Usability principles are based on increasing visitor satisfaction, which determines whether or not the visitor stays on our site and returns to it later. Usability factors promoting visitor satisfaction include the following:
The site must be easy to use. Viewers will quickly leave a web site that is too complicated or that requires extensive onscreen explanations. In either case, the designers have not put enough thought into the design. We need to do the thinking so that users don’t have to. A consistent and predictable organization, presentation, and interaction style promotes a faster learning curve and a resulting increase in visitor efficiency, and therefore, of course, user presence and loyalty.
Visitors have no patience for slow. Unfortunately, some visitors are still on dial-up lines with slow modems. Consequently, we should limit the sizes of our files. We also shouldn’t require excessive clicks from visitors, because every new page requires a page load. We must establish clear and concise navigation so that visitors don’t take wrong turns, again slowing them down. Ideally, we would like to deliver a visitor to his or her target within three clicks.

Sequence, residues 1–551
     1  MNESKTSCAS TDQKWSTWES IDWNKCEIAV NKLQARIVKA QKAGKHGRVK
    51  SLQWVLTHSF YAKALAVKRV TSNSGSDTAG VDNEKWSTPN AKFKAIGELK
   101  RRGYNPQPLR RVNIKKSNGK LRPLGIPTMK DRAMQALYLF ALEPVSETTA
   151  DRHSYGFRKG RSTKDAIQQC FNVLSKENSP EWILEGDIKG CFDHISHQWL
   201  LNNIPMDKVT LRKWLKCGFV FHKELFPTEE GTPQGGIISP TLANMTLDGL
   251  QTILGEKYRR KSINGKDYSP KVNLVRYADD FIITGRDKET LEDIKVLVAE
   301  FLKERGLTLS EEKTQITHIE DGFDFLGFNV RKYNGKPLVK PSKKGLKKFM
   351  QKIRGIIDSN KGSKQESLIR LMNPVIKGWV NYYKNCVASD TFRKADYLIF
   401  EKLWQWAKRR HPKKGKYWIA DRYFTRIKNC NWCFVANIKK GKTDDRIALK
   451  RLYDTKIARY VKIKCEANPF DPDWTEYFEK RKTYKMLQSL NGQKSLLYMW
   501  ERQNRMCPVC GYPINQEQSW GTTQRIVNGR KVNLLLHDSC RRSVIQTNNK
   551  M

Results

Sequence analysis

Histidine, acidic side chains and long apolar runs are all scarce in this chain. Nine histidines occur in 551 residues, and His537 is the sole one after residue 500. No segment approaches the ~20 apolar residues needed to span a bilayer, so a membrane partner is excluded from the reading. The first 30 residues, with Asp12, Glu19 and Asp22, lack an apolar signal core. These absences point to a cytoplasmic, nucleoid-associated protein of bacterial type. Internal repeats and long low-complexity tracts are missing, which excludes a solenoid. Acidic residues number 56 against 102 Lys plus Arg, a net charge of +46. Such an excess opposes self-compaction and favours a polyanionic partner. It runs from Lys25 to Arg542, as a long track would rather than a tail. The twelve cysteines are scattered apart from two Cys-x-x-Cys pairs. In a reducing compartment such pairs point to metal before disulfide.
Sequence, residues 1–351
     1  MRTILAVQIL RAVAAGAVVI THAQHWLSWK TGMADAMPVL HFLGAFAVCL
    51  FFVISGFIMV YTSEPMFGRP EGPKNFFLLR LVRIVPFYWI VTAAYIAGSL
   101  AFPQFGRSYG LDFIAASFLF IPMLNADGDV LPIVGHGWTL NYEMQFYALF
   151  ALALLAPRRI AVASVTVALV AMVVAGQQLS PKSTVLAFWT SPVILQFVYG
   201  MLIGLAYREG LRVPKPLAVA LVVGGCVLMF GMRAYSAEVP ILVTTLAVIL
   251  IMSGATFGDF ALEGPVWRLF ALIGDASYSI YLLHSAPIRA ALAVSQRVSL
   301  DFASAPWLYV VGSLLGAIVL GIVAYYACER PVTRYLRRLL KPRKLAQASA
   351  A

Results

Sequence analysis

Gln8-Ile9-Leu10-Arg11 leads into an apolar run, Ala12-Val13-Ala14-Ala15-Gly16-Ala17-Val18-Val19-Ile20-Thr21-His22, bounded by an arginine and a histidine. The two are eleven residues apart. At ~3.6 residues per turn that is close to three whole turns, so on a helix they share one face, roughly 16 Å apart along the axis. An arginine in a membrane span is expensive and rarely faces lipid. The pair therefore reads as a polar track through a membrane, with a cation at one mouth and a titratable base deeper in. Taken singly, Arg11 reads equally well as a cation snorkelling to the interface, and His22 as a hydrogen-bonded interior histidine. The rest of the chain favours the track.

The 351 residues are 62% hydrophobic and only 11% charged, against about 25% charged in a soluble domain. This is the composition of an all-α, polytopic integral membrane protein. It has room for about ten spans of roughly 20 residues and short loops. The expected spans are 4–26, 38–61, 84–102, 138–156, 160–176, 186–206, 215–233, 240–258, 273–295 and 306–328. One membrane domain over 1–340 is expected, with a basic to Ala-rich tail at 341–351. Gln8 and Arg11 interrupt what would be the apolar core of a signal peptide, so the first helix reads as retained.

If the visitor must wait for something, we should warn her of that fact. For instance, a small animation that visually illustrates progress can indicate that the system is indeed doing something and hasn’t just locked up. It’s much like background music on a telephone call when you have been put on hold—you might not like the music, but at least it confirms that the connection isn’t broken.
Keep in mind that all of the aesthetic and interaction factors we are going to examine determine the usability of a site. For instance, a poor layout or irritating color scheme will, of course, degrade usability. After all, what is usability if not the result of effective design choices?